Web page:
Sometimes, when I meet a new person “on the mat,” I can pick up information that indicates the kind of yoga they are use to practicing. After all, different traditions have different ways of doing things and when we practice something, we get into certain habits. So, if I you are relatively healthy (i.e., not nursing in injuries or major discomfort) and you go into what I would call Parasvokanasana/ Extended Side Angle” when I say “Trikonasana/Triangle” and that information points to a very specific type of yoga. If you go into what I call “Anjaneyasana/Crescent or Anointed Warrior” when I say “Virabhadrasana 1 / Warrior 1” that gives me a little information into your practice. If I say “Anjaneyasana” and you immediately go into a kneeling position that gives me even more information.

Again, that’s all well and good when there is nothing holding you back. If, however, I notice you not kneeling during a kneeling pose, I might look to see if I can detect a brace under your pants leg or if you are favoring one leg over the other in other poses. If I see you doing prenatal modifications when you have not previously indicated that you’re pregnant, I might check in with you on the down-low (especially if you’re new to yoga and there’s a possibility you’re just mimicking the pregnant person across the studio from you). Once, I was really thrown off by a new student who seemed to know all the poses and how to get into them, but seemed to lack something I couldn’t quite put my finger on. When we talked after the practice, I learned that prior to our meeting, he had only ever practiced with books – so he was lacking knowledge about much of the internal engagement needed to support the poses. By asking the right questions, we both gained knowledge.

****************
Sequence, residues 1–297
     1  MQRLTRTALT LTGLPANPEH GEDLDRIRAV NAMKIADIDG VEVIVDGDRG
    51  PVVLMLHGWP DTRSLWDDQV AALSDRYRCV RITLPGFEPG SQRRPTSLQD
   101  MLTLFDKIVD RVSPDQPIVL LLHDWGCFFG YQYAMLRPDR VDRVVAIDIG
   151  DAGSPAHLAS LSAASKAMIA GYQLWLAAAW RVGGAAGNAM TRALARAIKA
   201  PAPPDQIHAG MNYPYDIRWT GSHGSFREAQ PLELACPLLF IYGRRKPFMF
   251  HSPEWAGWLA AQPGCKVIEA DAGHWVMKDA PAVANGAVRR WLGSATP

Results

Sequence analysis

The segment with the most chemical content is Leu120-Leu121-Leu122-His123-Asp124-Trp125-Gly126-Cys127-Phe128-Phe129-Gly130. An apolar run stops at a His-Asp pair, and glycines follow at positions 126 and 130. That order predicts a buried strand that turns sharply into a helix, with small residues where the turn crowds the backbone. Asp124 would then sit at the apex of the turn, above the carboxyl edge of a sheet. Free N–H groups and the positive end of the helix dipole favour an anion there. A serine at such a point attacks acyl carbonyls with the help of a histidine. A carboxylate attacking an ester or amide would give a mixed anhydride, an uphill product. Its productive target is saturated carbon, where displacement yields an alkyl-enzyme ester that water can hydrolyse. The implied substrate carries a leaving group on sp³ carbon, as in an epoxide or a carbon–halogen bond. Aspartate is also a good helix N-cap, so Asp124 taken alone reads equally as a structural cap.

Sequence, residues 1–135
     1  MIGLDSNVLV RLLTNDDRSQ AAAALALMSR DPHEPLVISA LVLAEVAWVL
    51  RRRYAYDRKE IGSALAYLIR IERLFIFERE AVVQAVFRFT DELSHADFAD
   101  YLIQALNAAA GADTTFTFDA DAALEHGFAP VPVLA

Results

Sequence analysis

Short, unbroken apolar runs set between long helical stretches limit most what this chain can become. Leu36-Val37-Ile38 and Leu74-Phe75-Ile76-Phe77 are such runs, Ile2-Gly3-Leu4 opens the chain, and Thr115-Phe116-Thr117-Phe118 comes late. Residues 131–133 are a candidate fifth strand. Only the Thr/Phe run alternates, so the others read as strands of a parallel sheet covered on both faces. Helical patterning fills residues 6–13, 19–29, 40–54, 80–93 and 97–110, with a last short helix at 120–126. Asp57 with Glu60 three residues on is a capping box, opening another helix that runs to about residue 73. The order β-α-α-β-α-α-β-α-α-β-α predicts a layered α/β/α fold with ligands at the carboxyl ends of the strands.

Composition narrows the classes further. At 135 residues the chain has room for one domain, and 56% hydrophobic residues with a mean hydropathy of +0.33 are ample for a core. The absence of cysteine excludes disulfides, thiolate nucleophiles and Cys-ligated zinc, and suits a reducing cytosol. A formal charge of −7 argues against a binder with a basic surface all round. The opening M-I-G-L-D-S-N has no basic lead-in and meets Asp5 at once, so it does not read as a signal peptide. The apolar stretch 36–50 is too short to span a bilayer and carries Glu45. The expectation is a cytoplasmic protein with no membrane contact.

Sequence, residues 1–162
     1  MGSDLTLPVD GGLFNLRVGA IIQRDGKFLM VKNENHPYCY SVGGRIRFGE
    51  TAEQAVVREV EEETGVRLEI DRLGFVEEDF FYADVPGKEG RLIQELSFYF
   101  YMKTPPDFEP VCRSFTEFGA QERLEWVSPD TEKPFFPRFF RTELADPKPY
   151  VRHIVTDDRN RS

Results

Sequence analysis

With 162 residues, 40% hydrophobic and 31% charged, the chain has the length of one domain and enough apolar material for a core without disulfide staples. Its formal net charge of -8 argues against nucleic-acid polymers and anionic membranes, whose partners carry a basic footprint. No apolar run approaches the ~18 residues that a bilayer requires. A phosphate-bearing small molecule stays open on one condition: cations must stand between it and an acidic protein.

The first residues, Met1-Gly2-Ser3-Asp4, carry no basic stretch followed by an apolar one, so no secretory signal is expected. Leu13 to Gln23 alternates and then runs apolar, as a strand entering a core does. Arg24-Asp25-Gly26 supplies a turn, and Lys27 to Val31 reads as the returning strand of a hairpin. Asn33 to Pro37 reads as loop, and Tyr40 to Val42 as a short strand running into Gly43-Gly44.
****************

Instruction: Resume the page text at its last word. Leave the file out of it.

Yoga Sūtra 3.19: pratyayasya para-citta-jñāñam

 

– “By making samyama on the distinguishing marks of another’s body, one can obtain knowledge of the nature of their mind.”  

 

 

Yoga Sutra 3.20: na ca tat sālambanam, tasyāvişayībhūtatvāt

 

– “But not the contents of [their] mind, because that is not the object of the samyama.”

Remembering that biography is in our biology – or, as my dharma-friend Stacy says, “Our issues are in our tissues – notice that the above examples are all instances of someone using information they have and applying it to things they are observing. These are essentially examples of putting some of the siddhis (“powers”) unique to being human into action and also harnessing the power of samyama – that applied combination of focus, concentration, and mediation on the body of another person.

There are, obviously, really unwholesome situations in the world where people are profiling other people and, in doing so, applying preconceived notions to what they are observing in a way that creates harm. There are also equally unwholesome examples of people “cold reading” someone in order to manipulate them (also creating harm). Neither of these types of situations is the purpose of this week’s sūtras. In fact, to use samyama in such a way would be contradictory to the practice of yoga.

The commentary is very clear in pointing out that the purpose of this concentrated awareness on another person’s physique and mannerisms really has nothing to do with the other person. Rather it has to do with the observers practice and refers back to Patanjali’s instruction (in Yoga Sūtra 1.33) on cultivating a clear mind by “embracing an attitude of friendliness to those who are happy, compassion to those who are miserable/suffering, happiness to those who are virtuous, and non-judgement to those who are not virtuous.”

But how, you might ask, do you act around someone with a rainbow afro or a cowboy hat, a red nose, a tie-dye shirt, overalls, and a “Nobody for President” button? Well, a person like that must be embraced with conscious “phun.”

“Are you wavy gravy?”

 

– B. B. King to a “random” person lying on the stage before his set-up (at the Texas International Pop Festival, 09/01/1969)  

 

“Keep your sense of humor, my friend; if you don’t have a sense of humor it just isn’t funny anymore.”

 

– Wavy Gravy

Born Hugh Nanton Romney on May 15, 1936, the official clown of the Grateful Dead is not related to the political Romney family. However, as an activist for peace and a hippie (not to mention a self-proclaimed “flower geezer”) he has had a hand in politics and even organized a presidential campaign.